[B]Catecholamine neurotransmitters[/B]

Discussion in 'Dental' started by websie, Dec 18, 2005.

  1. websie

    websie Junior Member

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    Hello people,
    Can anyone help me answering this question: adrenaline and noradrenaline are synthesised in and released from the medulla of the adrenal glands into the blood stream. These chemicals also act as neurotransmitters released by sympathetic nerves. Where I get stuck is when it comes to how NA and Adrenaline get into the nerve fibres from the blood (assuming of course, that this is how it works).

    Thanks a lot for your help.

    websie
     
  2. DrTacoElf

    Dentist 10+ Year Member

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    Total guess but I would think they simply cross the blood brain barrier and enter the nervous system there..
     
  3. Ankylosed

    Ankylosed Member
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    Catecholamines for endocrine function are synthesized in the medulla of the adrenal, but for neuro function they are synthesized in the soma of the particular nerve and dragged down the axon by microtubules. Anyone else concur?
     
  4. websie

    websie Junior Member

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    That means there are two different sites for the synthesis of catecholamines then? If that's the case, can anyone explain what the advantage is in having two different sites of synthesis and modes of diffusion?

    Thanks.

    W
     
  5. TucsonDDS

    TucsonDDS Senior Member
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    I concur, sounds right to me. Also remember that the medulla is very similar to nervous tissues in a lot of ways. It is derived from Ectoderm, just like the CNS. It also recieves its sympathetic stimulation directly from preganglionic fibers. This is the only place in the body (that I can think of right now) that doesn't recieve sympathetics from post ganglionic fibers. Our instuctor told us that the medulla is closer related to nervous tissue than any other tissue in the body so it would make sense that it secretes hormones that are used in the nervous system. Also the hormones that it is secreting provides for the sympathetic response; vasoconstriction in the extremities and GI, vasodilation to muscles, eyes and brain, etc.
     
  6. Lolita

    Lolita Member
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    I agree. The chromaffin cells in the adrenal medulla are derived from neural crest cells and are the site of postganglionic synapse for sympathetic fibers releasing norepinephrine and epi.
     
  7. darius99

    darius99 Senior Member
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    yup, there are 2 functions: endocrine and neurotransmitter.
    adrenal medulla makes them for release to the bloodstream (think of epinephrine and its effects to mobilize glucose in a manner similar to glucagon), and then the appropriate neurons synthesize them for release as neurotransmitters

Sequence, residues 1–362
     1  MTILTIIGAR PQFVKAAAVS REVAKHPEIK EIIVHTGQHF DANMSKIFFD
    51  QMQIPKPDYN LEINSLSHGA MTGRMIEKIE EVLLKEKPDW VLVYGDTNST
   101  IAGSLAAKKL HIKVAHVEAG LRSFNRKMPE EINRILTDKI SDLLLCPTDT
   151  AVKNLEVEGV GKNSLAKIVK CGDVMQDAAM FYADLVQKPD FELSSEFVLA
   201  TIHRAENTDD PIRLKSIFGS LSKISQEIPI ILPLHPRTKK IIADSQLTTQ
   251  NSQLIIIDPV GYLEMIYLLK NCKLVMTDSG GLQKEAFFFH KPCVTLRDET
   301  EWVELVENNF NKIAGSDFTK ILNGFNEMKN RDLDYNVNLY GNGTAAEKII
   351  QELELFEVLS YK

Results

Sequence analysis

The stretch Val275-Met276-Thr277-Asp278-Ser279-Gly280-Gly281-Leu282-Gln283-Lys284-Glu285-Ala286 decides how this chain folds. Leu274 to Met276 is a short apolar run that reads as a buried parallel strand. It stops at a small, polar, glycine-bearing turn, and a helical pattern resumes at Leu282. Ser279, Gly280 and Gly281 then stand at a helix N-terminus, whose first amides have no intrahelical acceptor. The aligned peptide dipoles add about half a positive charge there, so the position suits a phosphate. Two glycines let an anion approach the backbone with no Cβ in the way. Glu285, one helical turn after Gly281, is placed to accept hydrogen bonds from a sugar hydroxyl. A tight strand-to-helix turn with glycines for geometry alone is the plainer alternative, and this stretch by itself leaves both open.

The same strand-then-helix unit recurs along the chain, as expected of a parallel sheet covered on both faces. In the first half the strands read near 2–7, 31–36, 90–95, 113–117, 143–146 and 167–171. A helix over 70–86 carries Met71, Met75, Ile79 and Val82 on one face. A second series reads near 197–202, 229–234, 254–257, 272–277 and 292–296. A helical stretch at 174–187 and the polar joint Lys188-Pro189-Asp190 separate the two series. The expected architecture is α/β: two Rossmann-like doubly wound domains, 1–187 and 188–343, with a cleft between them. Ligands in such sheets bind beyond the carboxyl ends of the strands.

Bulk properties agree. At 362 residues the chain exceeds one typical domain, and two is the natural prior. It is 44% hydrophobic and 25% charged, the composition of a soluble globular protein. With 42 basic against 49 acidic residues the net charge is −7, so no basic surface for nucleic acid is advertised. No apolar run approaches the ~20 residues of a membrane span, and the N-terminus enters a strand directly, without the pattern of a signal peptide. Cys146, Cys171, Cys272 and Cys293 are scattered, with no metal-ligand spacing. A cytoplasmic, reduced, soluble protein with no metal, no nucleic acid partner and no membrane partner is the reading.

8. websie

    websie Junior Member

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    KxM99,
    thanks for making this clearer. I was getting confused because I believed the same epinephrine and norepinephrine that are used as endocrine substances as well as being released by sympathetic nerves were synthesised by the medulla. It did not occur to me that neurons would synthesise their own epinephrine and norepinephrine.

    This leads me to another question: what are the key differences between E and NE - apart from their formula, of course - both as endocrine and neurotransmitter substances?

    Thanks again for your help.

    Websie
     
  9. darius99

    darius99 Senior Member
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    well for one, epinephrine is secreted only by the adrenal medulla, but norepinepherine is secreted by the adrenal medulla and the postganglionic neurons of the sympathetic nervous system (i don't think i made that clear in my first post).
    in terms of effects, they are very similar, but they have different receptors. Epinephrine binds to Beta-receptors in the heart (increased heart rate) and smooth muscle in the bronchioles (bronchodilation). Norepinephrine binds to Alpha-receptors in the arterioles. this means that norepinephrine causes decreased blood flow to the skin, gut, and some other organs, so that there is more efficient flow to the heart. i am not positive but i think epinephrine causes increased blood flow to the muscles as well.
     
  10. pharmacology

    pharmacology Senior Member
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    All neurotransmitters are synthesized in the nerve be it NE or 5HT. For NE, tyrosine is absorbed into the nerve just like other nutrients and converted into dopamine and/or NE. There is a specific regulatory step in the synthesis pathway that is the rate-limiting step and important with respect to therapeutic use of drugs such at L-dopa or pathway inhibitors.
     
  11. websie

    websie Junior Member

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    Thanks to everyone who answered my questions. Thanks to you I now feel more confident about catecholamines.

    Take care.

    Websie
     
  12. ItsGavinC

    Dentist Moderator Emeritus 15+ Year Member

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    SDN at its finest right here. Good thread guys!
     

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